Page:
The Nobel Prize
My personal favorite was a 6 foot tall woman named "Velvet" who came loping on stage about a third of the way through. She handed over her head shot, which included several "character" shots where she had mostly just put on slightly different tacky outfits. In one of the shots, she was wearing a wife beater and a trucker hat a la Roadside Crack-Ho, which seemed the most realistic casting possibility for Miss Velvet.
She proceeded to make awkward and odd small talk with us while setting up a stool onstage, upon which she carefully placed a stack of papers and an upside down plastic cup she had gotten from the lobby. Around the cup was stretched a gold lame hair tie. She told us she would be giving us a monologue from an ORIGINAL PLAY (emphasis hers) about the life of Madame Curie, which was created from ACTUAL EXCERPTS (again with the emphasis) from Madame Curie's own writings.
Then she goes behind the curtain in the back, twisting her hair up into a bun- you know, for DRAMATIC EFFECT, and comes back out, completely tranformed. Ok, well, her hair was up at least. She begins speaking in what I think she thought was French, expertly shifting into what was possibly English delivered in just the most terrible French accent EVER. Turns out the stool is her Podium as she is accepting her Nobel Peace Prize, which is, yes, you guessed it, the plastic cup with the golden scrunchie, which she actually picked up as means of demonstrating for us that it was indeed the Prize of which she spoke, not once, not twice, but three times in 2 minutes.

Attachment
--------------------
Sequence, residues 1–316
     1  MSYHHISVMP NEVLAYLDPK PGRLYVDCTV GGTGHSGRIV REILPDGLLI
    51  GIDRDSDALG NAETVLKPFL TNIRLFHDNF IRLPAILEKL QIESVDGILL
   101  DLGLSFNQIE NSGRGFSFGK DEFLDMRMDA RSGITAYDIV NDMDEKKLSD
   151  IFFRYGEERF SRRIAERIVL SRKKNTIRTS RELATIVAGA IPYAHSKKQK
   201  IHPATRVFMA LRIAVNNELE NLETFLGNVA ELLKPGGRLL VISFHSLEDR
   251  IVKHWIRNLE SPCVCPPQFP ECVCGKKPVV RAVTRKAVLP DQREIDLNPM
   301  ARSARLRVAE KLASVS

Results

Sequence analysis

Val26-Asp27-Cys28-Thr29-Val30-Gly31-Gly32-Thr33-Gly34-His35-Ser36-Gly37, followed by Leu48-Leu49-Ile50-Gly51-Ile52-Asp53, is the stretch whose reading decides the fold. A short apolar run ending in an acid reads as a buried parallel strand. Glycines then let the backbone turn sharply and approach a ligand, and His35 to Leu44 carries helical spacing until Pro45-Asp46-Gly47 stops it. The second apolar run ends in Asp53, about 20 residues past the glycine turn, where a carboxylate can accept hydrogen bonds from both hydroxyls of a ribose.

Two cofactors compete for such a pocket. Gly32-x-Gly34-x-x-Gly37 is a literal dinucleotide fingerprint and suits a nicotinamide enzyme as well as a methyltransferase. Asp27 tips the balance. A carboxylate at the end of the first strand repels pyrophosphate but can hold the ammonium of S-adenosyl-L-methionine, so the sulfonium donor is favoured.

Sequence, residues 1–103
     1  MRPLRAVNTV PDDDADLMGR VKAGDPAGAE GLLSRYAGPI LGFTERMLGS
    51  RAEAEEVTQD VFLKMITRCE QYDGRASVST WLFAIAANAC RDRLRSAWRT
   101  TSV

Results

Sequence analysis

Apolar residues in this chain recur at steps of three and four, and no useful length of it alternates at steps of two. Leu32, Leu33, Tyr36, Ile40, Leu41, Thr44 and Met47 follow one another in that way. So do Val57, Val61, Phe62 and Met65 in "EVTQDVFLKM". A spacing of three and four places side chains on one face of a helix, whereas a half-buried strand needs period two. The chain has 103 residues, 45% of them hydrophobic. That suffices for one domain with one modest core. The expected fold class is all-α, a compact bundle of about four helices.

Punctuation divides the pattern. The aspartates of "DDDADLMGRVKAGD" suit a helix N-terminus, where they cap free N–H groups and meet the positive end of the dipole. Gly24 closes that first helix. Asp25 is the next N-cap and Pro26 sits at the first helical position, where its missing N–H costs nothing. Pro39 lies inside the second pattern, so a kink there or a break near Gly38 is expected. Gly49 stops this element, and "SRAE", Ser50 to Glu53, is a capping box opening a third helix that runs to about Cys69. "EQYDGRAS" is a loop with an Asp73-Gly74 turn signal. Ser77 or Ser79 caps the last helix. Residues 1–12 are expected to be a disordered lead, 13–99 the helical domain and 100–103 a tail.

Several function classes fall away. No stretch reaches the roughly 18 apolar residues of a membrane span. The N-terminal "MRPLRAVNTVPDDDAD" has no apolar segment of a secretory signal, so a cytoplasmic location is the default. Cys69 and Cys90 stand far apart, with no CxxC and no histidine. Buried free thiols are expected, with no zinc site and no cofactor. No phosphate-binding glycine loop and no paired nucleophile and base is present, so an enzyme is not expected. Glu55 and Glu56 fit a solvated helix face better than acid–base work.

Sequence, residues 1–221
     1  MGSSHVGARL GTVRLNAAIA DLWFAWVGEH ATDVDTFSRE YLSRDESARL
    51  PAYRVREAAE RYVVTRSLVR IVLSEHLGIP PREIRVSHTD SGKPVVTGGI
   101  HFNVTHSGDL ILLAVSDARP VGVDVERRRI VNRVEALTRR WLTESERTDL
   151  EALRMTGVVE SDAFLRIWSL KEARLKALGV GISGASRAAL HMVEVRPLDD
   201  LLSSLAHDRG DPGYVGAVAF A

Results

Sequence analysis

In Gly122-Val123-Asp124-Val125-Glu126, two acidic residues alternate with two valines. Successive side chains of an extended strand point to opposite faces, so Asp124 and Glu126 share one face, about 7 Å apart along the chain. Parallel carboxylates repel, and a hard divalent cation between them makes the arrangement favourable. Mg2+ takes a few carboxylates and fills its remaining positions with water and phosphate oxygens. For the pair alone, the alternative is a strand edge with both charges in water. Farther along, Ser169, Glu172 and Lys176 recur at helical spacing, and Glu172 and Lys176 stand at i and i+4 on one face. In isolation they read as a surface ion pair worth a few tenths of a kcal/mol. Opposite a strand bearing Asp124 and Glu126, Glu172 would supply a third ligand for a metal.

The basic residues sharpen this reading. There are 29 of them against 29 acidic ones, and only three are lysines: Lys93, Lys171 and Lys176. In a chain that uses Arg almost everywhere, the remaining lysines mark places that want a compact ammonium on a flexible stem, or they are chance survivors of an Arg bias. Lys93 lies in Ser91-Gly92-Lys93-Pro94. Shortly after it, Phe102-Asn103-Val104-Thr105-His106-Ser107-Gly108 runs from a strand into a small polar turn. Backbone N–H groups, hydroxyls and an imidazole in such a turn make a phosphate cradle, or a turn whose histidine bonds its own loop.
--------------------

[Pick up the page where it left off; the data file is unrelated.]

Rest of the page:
Oh, yeah. I did not hear a word she said, because my brain was shocked, absolutely frozen in perplexity.
Velvet was not the only monstrosity, far from it, just the most memorable. There was talent, for sure, and it was all entertaining, if sometimes painful. There was a woman who had understudied Uta Hagen, and had trained with everyone who was anyone for the last 20 years, who was just dull as toast. There were people who clearly had turned to acting to be able to express an inner rage, who you wouldn't want to meet in a crowded alley, and wished would just get a therapist instead. The black actors were almost to the person more vital, more edgy, and more honest than the white actors.
There were soap actors and commercial talents, young girls from Portland and 75 year old men who struggled to remember who and where they were, let alone the lines. In the words of our Artistic Director, who we threw a big anniversary party for on Monday, and who is 70 next year, "They don't want to stop. No one ever wants to stop."